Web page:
by Alan Beatts
I'm not, by any stretch of the imagination, an avid player of video games. However, I do enjoy some of them quite a lot. They serve the dual purpose of entertaining me while also engaging me enough that I forget about the external world for a bit. About five years ago, a friend gave me a game console for Christmas and, since then, I've played several quite good games from beginning to end. I've also tried out a number that I started, got a bit of the way in, and then put aside because they didn't suit me. That's a process that I do with novels as well. However, it's interesting that in video games the split between "this is fun, I'm going to finish it" and "nope, this isn't for me" is close to 50/50, whereas novels run closer to 85/15.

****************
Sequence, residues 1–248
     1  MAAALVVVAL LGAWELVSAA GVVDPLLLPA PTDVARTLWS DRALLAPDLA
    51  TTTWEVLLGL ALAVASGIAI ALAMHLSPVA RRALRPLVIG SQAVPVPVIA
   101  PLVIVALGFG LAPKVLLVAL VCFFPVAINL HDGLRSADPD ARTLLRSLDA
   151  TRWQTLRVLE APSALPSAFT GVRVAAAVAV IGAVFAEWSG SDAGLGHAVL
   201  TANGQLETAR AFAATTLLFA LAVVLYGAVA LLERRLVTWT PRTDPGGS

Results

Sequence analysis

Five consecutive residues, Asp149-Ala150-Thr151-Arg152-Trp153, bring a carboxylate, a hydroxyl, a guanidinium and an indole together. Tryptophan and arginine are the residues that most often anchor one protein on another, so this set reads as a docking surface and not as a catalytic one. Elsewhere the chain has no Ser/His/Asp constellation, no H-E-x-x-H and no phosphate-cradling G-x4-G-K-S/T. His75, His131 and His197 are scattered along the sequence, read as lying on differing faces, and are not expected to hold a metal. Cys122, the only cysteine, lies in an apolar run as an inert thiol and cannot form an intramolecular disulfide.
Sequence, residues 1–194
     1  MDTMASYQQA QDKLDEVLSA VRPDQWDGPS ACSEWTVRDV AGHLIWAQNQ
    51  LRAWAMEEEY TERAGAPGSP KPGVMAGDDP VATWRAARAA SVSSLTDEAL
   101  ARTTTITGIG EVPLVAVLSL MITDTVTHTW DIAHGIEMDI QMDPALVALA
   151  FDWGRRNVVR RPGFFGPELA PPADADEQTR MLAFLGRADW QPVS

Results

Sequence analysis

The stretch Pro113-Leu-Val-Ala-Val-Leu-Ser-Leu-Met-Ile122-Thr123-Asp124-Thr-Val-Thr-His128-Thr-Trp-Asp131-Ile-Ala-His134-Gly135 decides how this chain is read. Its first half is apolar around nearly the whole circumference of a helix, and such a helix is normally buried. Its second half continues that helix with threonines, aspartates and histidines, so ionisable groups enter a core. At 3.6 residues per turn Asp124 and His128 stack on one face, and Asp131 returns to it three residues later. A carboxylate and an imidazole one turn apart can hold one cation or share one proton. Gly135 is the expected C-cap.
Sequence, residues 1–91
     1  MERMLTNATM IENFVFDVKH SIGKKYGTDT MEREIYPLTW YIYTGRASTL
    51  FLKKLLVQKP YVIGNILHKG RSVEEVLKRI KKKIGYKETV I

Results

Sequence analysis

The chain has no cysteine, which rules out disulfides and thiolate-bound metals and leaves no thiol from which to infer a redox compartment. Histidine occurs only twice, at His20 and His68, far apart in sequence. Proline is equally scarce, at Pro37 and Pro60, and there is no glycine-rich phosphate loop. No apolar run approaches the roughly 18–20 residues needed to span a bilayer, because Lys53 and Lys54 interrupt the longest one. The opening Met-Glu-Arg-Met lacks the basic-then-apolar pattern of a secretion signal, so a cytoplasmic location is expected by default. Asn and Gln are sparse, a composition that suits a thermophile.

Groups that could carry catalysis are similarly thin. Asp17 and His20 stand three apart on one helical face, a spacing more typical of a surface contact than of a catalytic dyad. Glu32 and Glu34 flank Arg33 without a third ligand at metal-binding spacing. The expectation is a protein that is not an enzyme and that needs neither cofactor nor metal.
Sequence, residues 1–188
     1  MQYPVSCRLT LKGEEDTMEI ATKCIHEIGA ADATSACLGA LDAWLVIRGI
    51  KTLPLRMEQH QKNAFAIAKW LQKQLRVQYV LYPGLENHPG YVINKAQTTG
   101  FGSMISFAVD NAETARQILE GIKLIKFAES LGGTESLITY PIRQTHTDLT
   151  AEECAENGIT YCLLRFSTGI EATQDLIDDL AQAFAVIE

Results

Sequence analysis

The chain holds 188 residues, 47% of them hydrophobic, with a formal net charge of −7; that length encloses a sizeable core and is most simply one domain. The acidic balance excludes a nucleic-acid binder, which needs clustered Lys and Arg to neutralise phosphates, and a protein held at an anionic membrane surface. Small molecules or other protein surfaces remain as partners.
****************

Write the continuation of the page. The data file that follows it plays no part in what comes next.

Perhaps part of the reason for that difference is that I have pretty specific tastes in video games. Playing virtual football or golf has even less appeal to me than playing the actual sports (for which the appeal to me is already close enough to zero that you'll need several decimal places to make the distinction). Likewise virtual dating games or other games that simulate social interactions don't interest me. And, while games that simulate pseudo-natural processes in accelerated time (for example Civilization or SimCity) interest me in an ant-farm sort of way, I don't really like playing god.